1. Joy, Subhashni D. Singh


According to this study:


* Living close to power lines (regardless of voltage) at the time of birth did not increase the risk of childhood leukemia.



Article Content

In 2005, researchers published an article demonstrating a relationship between childhood leukemia risk and the distance of the mother's residence from overhead power lines at the time of delivery, based on data collected between 1962 and 1995 in the United Kingdom. They have now expanded on that research.


The authors used data from the UK National Registry of Childhood Tumours to identify children who were younger than 15 years between 1962 and 2008 and were diagnosed with cancer, and matched them to control subjects according to sex, district, and date of birth. A total of 53,515 children with a cancer diagnosis were matched to 66,204 controls. They used data supplied by the National Grid to determine the distance from the mother's residence to overhead power lines at the time of delivery. The authors focused their analyses solely on leukemia, adjusting for socioeconomic factors.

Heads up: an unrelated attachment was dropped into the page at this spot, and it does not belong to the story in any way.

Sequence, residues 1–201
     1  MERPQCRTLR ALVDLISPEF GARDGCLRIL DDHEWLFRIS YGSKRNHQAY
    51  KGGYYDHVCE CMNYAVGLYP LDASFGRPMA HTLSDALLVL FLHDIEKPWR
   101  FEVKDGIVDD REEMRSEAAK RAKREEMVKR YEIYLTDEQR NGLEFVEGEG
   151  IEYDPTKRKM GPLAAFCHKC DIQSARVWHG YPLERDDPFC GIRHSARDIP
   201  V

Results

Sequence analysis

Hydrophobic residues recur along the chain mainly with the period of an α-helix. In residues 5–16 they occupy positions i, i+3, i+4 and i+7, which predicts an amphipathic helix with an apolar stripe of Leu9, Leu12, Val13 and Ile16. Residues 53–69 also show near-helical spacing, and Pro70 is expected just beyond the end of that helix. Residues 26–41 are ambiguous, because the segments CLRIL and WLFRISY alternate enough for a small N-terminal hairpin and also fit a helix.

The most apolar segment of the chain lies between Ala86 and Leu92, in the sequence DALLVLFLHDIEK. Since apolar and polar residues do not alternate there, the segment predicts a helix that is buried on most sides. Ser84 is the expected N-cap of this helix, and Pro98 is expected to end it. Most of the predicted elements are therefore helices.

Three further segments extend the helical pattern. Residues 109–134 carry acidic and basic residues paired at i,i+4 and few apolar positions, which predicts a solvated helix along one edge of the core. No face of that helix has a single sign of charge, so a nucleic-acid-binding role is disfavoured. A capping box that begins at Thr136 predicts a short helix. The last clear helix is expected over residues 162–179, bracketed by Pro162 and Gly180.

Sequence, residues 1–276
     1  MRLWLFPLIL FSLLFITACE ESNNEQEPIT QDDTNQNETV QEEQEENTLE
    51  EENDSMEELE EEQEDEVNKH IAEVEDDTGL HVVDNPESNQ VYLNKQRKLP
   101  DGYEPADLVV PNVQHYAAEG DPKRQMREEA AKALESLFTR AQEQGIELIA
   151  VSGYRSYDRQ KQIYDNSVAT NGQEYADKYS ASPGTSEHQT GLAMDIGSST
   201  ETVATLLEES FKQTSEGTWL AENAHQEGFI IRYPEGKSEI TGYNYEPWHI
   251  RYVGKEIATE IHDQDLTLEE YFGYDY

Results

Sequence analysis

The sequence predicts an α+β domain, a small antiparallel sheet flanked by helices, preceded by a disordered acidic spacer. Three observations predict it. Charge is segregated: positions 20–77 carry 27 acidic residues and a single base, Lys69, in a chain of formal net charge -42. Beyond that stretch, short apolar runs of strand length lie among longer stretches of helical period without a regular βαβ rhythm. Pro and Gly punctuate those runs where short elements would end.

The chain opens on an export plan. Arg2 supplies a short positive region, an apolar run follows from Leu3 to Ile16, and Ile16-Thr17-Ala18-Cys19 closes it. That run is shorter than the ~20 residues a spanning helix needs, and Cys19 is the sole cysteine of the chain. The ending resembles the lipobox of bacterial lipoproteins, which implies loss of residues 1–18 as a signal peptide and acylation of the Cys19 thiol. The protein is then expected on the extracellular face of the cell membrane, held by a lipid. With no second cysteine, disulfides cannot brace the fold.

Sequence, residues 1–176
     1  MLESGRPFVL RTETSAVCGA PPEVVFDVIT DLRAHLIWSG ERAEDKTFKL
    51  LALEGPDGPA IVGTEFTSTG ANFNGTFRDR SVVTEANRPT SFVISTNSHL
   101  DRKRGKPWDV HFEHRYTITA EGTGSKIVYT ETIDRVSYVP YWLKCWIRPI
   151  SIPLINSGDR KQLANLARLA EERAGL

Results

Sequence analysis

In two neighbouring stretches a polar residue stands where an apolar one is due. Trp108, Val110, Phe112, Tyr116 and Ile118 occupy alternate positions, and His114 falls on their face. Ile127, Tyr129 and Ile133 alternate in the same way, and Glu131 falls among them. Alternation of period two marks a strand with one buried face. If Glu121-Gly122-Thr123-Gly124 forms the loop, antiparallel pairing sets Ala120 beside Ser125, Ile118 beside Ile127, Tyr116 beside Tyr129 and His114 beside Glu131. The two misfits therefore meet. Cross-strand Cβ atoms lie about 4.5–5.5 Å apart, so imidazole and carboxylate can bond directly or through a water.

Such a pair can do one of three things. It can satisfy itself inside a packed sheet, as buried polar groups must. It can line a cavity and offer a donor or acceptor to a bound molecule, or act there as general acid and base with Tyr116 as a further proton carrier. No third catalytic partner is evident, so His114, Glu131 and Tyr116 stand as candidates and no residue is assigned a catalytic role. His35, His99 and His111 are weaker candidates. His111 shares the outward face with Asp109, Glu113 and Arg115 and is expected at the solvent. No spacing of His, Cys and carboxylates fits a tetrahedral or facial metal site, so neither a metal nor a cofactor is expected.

The data showed no aggregate correlation between distance to 400/275-kV power lines and leukemia over the 46-year period, but there was some evidence of increased risk in those living within 600 meters between 1962 and 1979. That risk declined in subsequent years and eventually disappeared. Similarly, no association was seen with 132-kV power lines, although a nonsignificant increase in risk was seen in those living within 200 meters, which disappeared over time as well.


The study authors believe that the excess risk prevalent in earlier decades was most likely due to the changing characteristics of the populations living near the power lines and not a physical effect of residing close to them.




Bunch KJ, et al. Br J Cancer. 2014;110(5):1402-8